Wednesday, January 10, 2007

Could have, would have, should have

I am still seething about the NZARH submission on the Draft National Statement on Religious Diversity.

Before anyone concludes that I have accepted any deity into my heart, I want to make it quite clear that I think the Draft National Statement on Religious Diversity is very silly and quite inappropriate for a secular society. What annoys me is that the Council of the NZARH has made an official response which displays petulance, sloppy thinking and a woeful ignorance of the English language. An opportunity for the Association to shine has been lost. But that is their problem; far worse is that anyone reading this document might think it represents Atheist thinking.

It is not just the curious absence of the Monarchy nor the Education Policy On a Theme by Pol Pot that really bothers me, but the pompous section on Definitions. I shall now examine each definition in turn, venting my spleen as I go. Please indulge me while I get this out of my system. If you don't have the patience, you might instead want to look at some pictures of kittens.
The word “faith communities” is obviously a politically correct substitute for the word “religions” and I see no need to use it instead of the word “religions”.
It is obviously not so. A religion is a system of belief in and reverence for a god or gods. A faith community is a community of people who share a religious belief. The people are not the belief. The Exclusive Brethren are not a religion; they are a community of people who hold a religious belief and practice it in a particular way. Catholicism is a form of Christian belief; Catholics are the people who hold that belief. This priggish little sentence is really irksome for making an accusation of political correctness, which is the sort of slur one would expect from talkback callers, not an organisation with pretensions of intellectual respectability.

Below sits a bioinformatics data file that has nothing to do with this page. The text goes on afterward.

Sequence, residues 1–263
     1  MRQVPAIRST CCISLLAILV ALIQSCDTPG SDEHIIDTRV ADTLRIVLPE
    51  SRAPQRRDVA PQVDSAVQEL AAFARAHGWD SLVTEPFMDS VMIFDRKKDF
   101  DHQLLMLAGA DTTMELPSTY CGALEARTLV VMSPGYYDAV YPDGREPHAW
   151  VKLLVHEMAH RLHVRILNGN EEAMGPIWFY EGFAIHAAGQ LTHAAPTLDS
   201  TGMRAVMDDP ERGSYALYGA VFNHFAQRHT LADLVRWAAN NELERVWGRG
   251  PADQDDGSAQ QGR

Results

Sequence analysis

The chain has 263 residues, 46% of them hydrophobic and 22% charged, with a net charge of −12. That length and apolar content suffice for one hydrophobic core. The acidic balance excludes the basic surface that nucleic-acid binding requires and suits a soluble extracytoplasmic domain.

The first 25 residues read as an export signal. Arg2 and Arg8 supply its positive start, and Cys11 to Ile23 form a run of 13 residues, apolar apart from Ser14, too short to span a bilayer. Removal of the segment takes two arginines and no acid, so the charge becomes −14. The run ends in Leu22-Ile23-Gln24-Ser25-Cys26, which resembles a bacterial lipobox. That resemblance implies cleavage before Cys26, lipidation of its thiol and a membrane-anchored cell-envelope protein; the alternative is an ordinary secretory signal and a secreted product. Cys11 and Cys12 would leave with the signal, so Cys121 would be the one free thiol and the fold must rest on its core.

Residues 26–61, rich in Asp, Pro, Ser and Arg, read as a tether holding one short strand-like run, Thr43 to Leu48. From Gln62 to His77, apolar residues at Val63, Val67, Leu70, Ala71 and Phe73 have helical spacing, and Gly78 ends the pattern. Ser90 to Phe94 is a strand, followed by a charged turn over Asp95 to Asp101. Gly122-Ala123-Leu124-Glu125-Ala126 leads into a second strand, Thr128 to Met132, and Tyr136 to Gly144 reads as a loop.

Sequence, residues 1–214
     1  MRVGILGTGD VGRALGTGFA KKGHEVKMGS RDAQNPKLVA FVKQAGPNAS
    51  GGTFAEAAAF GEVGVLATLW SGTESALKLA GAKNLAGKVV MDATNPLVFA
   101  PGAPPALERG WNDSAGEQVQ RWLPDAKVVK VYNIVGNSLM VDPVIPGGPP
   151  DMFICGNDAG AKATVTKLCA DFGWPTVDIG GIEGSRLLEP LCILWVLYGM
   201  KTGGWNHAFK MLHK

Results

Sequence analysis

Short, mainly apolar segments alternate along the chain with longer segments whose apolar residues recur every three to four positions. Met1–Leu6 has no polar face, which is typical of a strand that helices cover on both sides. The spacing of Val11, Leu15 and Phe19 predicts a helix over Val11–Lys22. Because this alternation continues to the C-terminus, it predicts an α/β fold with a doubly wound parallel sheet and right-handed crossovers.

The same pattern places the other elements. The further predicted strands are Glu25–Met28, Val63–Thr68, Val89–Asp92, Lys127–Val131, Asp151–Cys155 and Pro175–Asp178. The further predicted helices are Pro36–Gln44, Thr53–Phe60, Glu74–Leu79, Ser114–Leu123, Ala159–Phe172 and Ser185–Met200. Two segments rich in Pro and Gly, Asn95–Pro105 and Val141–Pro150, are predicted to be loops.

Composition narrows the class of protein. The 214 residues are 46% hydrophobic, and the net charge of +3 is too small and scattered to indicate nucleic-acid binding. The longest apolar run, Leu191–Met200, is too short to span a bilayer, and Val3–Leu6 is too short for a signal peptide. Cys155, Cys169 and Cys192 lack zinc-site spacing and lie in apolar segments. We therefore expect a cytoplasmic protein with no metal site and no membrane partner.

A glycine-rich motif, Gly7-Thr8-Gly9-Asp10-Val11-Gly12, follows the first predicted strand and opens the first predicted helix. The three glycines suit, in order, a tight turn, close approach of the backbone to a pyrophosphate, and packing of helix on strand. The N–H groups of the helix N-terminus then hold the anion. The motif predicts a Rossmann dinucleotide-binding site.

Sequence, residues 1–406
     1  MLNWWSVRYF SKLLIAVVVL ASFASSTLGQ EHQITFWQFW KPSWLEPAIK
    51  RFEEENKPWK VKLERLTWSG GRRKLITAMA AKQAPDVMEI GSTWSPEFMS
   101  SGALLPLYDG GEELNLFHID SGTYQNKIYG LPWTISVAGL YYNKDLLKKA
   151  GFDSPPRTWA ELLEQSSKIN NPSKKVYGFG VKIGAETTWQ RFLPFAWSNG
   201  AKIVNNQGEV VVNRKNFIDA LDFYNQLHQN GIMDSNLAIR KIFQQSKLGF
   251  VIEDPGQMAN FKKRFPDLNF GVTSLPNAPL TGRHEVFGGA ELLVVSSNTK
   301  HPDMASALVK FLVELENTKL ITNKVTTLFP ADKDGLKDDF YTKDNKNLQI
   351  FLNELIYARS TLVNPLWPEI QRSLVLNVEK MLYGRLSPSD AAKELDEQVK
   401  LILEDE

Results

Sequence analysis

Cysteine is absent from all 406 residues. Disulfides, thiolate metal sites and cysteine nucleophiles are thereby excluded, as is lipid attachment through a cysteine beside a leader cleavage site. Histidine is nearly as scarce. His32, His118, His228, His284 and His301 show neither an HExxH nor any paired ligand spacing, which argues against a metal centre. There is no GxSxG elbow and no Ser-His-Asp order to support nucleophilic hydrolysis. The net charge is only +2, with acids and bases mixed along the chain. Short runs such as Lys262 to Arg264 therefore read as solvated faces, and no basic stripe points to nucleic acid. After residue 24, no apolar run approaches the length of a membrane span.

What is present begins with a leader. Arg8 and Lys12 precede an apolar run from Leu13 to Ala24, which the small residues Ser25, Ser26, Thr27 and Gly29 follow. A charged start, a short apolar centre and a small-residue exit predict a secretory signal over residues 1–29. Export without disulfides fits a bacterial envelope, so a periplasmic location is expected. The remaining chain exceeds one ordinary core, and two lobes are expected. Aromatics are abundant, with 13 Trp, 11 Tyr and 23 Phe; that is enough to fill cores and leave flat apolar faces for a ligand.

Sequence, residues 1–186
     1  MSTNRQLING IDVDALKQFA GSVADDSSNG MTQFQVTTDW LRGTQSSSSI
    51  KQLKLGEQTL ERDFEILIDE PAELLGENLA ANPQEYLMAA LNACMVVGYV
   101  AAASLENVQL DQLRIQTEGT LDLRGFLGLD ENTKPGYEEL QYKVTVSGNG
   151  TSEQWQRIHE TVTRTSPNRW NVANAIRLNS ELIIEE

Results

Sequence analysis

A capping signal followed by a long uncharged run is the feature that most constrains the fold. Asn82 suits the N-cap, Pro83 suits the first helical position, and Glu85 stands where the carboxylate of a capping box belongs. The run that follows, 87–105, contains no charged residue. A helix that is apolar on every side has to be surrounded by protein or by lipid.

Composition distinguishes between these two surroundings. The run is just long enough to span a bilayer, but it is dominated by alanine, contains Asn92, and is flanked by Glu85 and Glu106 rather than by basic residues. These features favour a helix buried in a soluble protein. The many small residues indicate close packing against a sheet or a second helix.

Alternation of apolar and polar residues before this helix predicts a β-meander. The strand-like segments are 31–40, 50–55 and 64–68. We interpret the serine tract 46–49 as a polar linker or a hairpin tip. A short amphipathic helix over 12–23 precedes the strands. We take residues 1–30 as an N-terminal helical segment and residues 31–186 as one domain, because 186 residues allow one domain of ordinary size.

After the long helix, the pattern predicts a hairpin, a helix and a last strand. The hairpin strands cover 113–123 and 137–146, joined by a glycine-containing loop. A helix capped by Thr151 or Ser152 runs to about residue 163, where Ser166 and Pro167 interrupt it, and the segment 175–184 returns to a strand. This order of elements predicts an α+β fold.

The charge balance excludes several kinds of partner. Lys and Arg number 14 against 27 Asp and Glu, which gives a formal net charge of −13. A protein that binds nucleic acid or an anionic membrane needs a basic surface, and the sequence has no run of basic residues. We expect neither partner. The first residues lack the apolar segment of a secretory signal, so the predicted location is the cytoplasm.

The word “shall” is used often in the draft Statement. It ought to be replaced with “should.”
We should have an argument about grammar at this point but I shall keep my peace.
The word “belief” should not be used interchangeably with the word “faith”. This is because the word faith means belief in something without proof or evidence. Faith is an adjective that describes the belief.
We will have an argument about grammar at this point. Faith is not an adjective. It is a noun. Faithful and faithless are adjectives formed from that noun. In any case, faith does not solely mean a belief that does not rely on proof or evidence. It can also mean a confident and reasonable belief or it can mean loyalty. I have a friend called Faith, in whom I have faith for good reason.

Enough of grammar; the next sentence of clarification is tolerable grammatically but otherwise repugnant.
Rationalism, Humanism and some versions of Buddhism are examples of non-faith based belief.
I would continue but this statement deserves a post to itself. At the risk of losing my readership to narcolepsy, I will write about this claim later.

Normal service will now be resumed.


Rob Davies said...

Pity. I was enjoying the interlude...

Paul said...

Rob, In view of popular demand (your comment) I may write some more on this and related topics.